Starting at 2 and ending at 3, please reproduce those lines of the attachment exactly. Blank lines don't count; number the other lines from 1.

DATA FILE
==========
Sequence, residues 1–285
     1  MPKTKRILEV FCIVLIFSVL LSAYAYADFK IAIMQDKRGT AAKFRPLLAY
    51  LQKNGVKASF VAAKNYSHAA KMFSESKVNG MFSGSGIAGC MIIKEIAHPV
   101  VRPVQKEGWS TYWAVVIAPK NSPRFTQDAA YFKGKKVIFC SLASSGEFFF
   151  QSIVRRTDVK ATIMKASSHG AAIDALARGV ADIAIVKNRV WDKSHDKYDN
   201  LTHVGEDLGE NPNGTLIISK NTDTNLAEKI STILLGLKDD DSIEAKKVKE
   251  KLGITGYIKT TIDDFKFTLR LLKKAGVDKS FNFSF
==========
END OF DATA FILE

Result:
     1  MPKTKRILEV FCIVLIFSVL LSAYAYADFK IAIMQDKRGT AAKFRPLLAY
    51  LQKNGVKASF VAAKNYSHAA KMFSESKVNG MFSGSGIAGC MIIKEIAHPV